I am aware that life does not stop even for our family. I became more aware listening to the news about the people who died in freak accidents etc. I wondered what their families were experiencing at this ‘here today gone in a second’ event in their lives. I imagined the shock and disbelief, the notification to family and friends, the condolences phone calls, the explanation of what happened, the dealing with never seeing that person again, and the funeral arrangements. Interestingly, I somehow could not fully grasp what those families are experiencing even though I and my family are going through a similar situation.

The passing made mortality the forefront of my thoughts. Despite my tenuous relationship with God and Christianity, I never once thought of blaming God. I never thought of why us, why God allowed this to happen or any such things. “Shit happens” whether I like it or not and God already knows I don’t like this shit happening to us. People said they would pray for my family. Funny thing is I have not said a prayer in regards to this situation. It’s like an avoidance of this issue with God. Maybe I am expecting the prayer of the faithful to have more weight than mine. I really am not sure why I have not addressed this issue with God.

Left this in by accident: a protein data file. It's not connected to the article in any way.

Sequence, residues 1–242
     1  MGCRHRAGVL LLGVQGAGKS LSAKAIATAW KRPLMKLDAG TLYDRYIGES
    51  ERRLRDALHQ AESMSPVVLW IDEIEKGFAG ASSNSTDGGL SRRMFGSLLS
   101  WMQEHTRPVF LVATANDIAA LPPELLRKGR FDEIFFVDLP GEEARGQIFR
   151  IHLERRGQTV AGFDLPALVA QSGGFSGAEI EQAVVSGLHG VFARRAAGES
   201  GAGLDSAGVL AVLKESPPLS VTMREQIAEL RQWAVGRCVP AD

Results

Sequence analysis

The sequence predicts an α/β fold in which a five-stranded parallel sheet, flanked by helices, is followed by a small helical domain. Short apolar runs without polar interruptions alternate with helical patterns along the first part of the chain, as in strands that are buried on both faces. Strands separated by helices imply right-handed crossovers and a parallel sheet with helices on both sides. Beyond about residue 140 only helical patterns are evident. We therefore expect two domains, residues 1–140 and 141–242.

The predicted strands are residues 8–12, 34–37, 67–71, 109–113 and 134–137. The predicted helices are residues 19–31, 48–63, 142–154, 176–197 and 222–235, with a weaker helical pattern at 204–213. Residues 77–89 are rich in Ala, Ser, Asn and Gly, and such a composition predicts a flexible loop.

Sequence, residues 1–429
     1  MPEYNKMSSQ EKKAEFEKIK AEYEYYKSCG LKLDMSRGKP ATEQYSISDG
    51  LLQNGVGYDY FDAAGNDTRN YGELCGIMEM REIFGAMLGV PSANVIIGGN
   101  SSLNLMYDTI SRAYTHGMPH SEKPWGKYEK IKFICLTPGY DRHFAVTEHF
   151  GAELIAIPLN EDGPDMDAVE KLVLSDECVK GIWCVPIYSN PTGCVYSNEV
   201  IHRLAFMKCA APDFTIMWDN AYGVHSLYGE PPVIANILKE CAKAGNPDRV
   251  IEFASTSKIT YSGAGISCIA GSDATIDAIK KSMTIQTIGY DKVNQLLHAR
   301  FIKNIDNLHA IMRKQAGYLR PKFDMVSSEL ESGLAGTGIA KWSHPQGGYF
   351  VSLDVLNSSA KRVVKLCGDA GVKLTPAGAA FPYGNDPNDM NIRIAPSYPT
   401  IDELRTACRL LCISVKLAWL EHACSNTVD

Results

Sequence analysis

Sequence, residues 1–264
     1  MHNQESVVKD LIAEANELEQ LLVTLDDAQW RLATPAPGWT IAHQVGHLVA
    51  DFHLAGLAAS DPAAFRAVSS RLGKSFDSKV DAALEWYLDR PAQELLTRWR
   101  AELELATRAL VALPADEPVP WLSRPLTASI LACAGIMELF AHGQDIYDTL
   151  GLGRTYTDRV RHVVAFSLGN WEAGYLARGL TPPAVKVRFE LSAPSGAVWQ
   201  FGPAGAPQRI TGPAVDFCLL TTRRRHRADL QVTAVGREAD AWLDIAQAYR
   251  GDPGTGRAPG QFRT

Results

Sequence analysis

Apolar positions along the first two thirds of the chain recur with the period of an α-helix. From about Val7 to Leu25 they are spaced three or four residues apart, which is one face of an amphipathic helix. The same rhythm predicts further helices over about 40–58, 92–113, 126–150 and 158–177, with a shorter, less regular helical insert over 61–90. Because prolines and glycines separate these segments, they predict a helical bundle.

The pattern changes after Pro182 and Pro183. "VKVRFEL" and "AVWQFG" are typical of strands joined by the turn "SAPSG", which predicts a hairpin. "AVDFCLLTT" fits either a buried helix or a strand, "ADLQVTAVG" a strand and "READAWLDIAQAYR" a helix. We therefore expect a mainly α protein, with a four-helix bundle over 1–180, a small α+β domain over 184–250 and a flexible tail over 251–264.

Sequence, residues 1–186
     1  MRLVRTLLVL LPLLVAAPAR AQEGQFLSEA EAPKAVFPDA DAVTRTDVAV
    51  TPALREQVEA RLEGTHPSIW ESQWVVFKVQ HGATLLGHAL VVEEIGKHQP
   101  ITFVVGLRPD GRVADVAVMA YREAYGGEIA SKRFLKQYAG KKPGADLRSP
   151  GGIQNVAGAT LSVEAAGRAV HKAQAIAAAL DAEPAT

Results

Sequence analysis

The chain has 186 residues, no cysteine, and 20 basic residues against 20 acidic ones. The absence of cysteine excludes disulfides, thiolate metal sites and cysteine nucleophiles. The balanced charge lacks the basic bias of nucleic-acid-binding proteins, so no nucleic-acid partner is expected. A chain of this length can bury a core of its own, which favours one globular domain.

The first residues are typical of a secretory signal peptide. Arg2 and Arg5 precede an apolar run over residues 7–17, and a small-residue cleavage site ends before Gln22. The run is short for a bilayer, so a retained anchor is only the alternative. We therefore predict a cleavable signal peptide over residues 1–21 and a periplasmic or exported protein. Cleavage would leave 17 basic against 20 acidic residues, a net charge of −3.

What does play in my mind are the what ifs. What if the hospital staff had done a better job when she was there a few days earlier. What would have happened if…? Did she pass peacefully? Did she know she was dying? What were her last thoughts in her last moments? Was there anything that could have been done differently? When I see the face  my  darling niece, the disbelieve comes rushing back. My sister wailed “she is never coming back” repeatedly and that was the kicker. The next time the family sees my darling she will be in a coffin-the breath of life gone. A shell of the person she used to be. I remembered that coffin view with my grandmother and it was a very difficult moment. The thought of her lifeless body is exceedingly distressing. I can’t imagine…

I am still in the early stages. My whole family is in the early stages. My sister, her husband, the remaining children, and not to forget my darling’s significant other will have a much more difficult time than I in the days, months, and years to come. I know there are more tears to shed and more disbelief and feelings of emptiness in the future. I will eventually come to an emotional peace that life continues for everyone. However, for myself and family who had a loss, life will go on outwardly as we learn to deal with the absence of one member of our family. The positive from all this is that I hugged tighter and said more “I love you” than I ever uttered in my 40 years and meant every word. Loss can either destroy or bring others together.